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Reading (shared with Week 7)

  • Beginning Python - skim. chapters 8-14 (use as reference material)
    • see expecially urlopen on p. 300, forks and threads on p. 304
  • Beginning Python - Chapter 15 (Web services)

Class 1: Effective Design

  • Structured Code, Bioinformatics example from AOS Book
  • Code Testing
  • Source Code Versioning
    • basic git

Class 2: Using HPC Resources

  • Accessing binaries and libraries, using modules
  • Using scratch space
  • Submitting a job script
  • Managing queued jobs
  • Advanced scripting tips and tricks
    • awk

Homework 4 (Due Fri., Oct. 10)

Please email the completed homework with the subject line "SciComp HW4, (your name)"

  1. Write example functions that use the advanced function notation from Beginning Python, Ch. 6 (see especially the example on p. 124).
    1. f(arg=default): the function should do nothing if the function is called as f(), and it should call arg.set_price(12) if it is called as f(type("InvItem", (), {"set_price":(lambda a,b: b)})())
    2. f(*arg): the function should return the number of arguments passed in the call f('a', 'b', 1, 5, {'t': [4]})
    3. f(**args): the function should return the value associated with the key "agent" in the call f(auto="DB5", lno=31337, agent="007")
  2. Write an example python class to represent a general inventory item. It should store its own name, and must contain the following methods: getCount(), returning the (arbitrary, fixed) number of items in inventory, and getPrice(), which computes the price using the formula price = price0 - k*log(count), where price0 and k are arbitrary, fixed variables belonging to the object.
  3. The article "Working with Big Data in Bioinformatics" describes software that reads lots of small strings and increments some counters for each string. The overall structure of their code contains a fast C++ library, a python wrapper, and python scripts. Describe which of those three categories you would place each of the following routines in, and why.
    1. A class that creates C++ objects representing counters for sequence data and that contains methods for translating the counts to numpy arrays.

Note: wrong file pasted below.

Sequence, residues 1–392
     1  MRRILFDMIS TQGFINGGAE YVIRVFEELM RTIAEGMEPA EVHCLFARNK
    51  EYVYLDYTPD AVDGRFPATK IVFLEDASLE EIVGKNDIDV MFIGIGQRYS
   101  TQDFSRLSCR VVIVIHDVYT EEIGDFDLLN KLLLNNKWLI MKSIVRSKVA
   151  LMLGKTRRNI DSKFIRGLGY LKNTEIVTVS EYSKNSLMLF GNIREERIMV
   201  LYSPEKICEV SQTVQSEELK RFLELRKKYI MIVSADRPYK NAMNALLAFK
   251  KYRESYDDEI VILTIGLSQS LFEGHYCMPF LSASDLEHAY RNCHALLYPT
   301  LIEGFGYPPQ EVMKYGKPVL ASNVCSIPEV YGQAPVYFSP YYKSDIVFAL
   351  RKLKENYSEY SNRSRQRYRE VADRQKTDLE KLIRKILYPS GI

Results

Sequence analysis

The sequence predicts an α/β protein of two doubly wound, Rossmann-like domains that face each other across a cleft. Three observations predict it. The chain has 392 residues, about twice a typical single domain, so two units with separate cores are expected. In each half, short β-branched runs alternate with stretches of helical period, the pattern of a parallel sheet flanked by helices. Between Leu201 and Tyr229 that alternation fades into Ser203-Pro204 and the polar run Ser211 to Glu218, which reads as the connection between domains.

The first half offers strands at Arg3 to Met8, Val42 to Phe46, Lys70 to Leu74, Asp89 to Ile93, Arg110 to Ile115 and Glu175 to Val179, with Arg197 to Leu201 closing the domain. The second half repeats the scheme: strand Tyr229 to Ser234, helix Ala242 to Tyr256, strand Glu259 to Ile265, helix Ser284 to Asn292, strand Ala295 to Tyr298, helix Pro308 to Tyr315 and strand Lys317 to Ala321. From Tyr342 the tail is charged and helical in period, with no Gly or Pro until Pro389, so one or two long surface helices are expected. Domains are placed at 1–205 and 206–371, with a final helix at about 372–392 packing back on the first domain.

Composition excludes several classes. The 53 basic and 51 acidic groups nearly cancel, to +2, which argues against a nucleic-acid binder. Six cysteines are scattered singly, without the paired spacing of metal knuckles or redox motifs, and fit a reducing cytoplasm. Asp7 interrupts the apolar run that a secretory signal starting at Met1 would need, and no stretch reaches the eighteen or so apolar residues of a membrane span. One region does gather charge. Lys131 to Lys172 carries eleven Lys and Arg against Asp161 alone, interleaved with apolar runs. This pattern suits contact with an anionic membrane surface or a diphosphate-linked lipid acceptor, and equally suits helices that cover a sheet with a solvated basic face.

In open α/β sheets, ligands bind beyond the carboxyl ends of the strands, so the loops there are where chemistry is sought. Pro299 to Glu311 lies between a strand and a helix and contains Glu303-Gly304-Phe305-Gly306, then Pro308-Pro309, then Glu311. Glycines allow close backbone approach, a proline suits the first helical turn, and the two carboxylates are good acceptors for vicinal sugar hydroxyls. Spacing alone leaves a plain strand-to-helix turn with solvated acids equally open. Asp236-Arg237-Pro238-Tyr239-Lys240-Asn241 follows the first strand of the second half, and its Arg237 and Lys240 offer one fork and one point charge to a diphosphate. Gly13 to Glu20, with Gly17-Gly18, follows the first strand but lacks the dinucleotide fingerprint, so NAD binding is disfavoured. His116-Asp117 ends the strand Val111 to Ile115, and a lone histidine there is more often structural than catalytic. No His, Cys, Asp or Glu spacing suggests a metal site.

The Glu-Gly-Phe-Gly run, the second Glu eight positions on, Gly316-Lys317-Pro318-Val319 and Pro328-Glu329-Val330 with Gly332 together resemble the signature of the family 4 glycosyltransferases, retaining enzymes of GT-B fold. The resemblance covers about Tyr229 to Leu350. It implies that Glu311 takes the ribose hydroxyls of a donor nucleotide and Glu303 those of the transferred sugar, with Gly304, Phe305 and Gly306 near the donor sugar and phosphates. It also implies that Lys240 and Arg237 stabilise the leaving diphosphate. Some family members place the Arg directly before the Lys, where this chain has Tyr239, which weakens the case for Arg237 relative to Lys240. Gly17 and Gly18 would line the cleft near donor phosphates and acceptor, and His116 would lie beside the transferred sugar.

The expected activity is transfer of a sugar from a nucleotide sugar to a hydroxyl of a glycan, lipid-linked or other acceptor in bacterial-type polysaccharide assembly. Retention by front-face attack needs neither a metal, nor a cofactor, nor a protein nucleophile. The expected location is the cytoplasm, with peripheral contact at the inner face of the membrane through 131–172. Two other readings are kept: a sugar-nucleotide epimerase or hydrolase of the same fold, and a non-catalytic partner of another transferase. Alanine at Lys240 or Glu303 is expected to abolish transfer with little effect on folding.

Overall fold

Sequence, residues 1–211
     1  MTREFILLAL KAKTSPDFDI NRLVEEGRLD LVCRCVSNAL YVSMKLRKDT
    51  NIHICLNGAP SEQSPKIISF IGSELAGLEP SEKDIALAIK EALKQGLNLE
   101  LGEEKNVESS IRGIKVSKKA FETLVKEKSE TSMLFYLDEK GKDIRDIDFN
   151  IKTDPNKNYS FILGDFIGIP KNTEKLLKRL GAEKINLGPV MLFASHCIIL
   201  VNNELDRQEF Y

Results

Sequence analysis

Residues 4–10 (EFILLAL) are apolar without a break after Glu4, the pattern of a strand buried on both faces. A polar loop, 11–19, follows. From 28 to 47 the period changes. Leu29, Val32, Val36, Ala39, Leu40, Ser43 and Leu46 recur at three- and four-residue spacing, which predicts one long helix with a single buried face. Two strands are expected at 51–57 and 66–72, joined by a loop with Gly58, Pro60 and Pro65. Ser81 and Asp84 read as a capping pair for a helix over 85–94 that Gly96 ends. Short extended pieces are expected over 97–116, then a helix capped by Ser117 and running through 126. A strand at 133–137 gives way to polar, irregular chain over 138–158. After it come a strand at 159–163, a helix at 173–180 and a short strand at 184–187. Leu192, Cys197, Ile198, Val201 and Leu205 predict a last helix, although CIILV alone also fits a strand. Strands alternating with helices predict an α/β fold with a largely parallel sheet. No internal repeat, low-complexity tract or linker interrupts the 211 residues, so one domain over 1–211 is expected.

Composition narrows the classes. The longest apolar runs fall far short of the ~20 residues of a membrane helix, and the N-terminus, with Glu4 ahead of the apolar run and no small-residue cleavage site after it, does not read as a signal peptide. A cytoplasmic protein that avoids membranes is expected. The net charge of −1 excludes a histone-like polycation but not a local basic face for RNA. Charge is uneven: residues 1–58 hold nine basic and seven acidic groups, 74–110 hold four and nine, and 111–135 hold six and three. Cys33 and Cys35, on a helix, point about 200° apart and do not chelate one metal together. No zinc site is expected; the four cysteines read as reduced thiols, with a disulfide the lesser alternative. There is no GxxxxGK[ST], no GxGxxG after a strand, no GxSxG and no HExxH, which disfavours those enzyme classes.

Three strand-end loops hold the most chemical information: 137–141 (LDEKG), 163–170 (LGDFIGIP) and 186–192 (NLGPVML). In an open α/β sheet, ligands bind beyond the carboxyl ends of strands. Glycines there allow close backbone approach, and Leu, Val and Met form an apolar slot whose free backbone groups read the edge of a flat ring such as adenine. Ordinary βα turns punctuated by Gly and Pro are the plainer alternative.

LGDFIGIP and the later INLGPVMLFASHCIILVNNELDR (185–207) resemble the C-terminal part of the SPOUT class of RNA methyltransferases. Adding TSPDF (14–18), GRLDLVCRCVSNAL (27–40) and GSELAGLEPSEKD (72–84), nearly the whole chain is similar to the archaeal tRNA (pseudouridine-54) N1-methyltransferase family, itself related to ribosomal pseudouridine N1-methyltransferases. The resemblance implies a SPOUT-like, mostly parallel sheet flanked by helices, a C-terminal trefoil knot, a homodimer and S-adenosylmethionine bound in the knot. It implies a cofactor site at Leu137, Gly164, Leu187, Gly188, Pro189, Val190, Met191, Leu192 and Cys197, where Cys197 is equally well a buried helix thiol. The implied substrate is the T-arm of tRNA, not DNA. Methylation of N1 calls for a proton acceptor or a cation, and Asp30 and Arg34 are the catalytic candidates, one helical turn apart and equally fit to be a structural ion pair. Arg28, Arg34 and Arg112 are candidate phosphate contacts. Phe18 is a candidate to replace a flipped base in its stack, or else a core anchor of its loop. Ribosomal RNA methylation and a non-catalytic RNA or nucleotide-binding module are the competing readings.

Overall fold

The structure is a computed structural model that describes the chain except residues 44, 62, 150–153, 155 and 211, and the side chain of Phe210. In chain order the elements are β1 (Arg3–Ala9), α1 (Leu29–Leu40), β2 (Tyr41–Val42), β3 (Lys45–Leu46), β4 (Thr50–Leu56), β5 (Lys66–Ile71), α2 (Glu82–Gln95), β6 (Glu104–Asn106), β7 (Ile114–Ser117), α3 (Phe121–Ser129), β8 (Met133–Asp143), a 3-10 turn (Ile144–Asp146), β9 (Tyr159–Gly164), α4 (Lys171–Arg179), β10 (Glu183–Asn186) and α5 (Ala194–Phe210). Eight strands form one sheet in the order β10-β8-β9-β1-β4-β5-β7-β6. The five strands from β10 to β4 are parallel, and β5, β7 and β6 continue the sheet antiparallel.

2. A script that creates a plot of the k-mer counts in a subset of the data.
    3. A function reading and parsing files containing genomic sequence data.
    4. A script installing the complete Khmer package, (compiling the C++ library, copying the python package, etc.)
  4. Explain (without trying to solve their problems) why each of the following quotes from the article might be relevant to the performance of their code:
    1. "We expected the highest traffic to be in the k-mer counting logic."
    2. "Redundant calls to the toupper function were present in the highest traffic regions of the code."
    3. "Input of genomic reads was performed line-by-line and on demand and without any readahead tuning."
    4. "A copy-by-value of the genomic read struct [was] performed for every parsed and valid genomic read."


Power function with logarithmic run time in n (linear in the size of n) <source lang="python"> def pow(x, n): Returns the number x raised to the integer power, n.

>>> pow(2, 4) 16 >>> pow(3, 2) 9 >>> pow(5, 0) 1

complexity = O(log n) = O(m), where m = # digits in n if n < 1: return 1 # correct for n=0 elif n == 1: return x elif n % 2 == 0: hp = pow(x, n/2) return hp*hp else: # 3, 5, 7, ... hp = pow(x, (n-1)/2) return x*hp*hp </source>

Testing the last module using python's doctest: <source lang="python">

  1. !/usr/bin/env python

if __name__=="__main__":

       import doctest, vector # assumes pow() is defined in vector


Using the python-geocoder-0.2 interface to Google's web-API to get distances: <source lang="python"> from import GoogleGeocoderClient from numpy import *

geocoder = GoogleGeocoderClient(False) # must specify sensor parameter explicitely

def to_xyz(phi, th):

    c = cos(phi)
    return array([c*cos(th), c*sin(th), sin(phi)])

def to_polar(lat, lon): return (90-float(lat))*pi/180.0, float(lon)*pi/180.0

def dist(a, b): # distance in kilometers across a perfect sphere of radius 6370 km

    return 6370*arccos(dot(to_xyz(*a), to_xyz(*b)))

def get_loc(name): result = geocoder.geocode(name) if result.is_success(): return to_polar(*result.get_location()) else: print "Geocoding failed" return (0.0, 0.0)

a = get_loc("Lowry Park Zoo") # spherical polar b = get_loc("MOSI, Tampa, FL")

print dist(a, b) </source>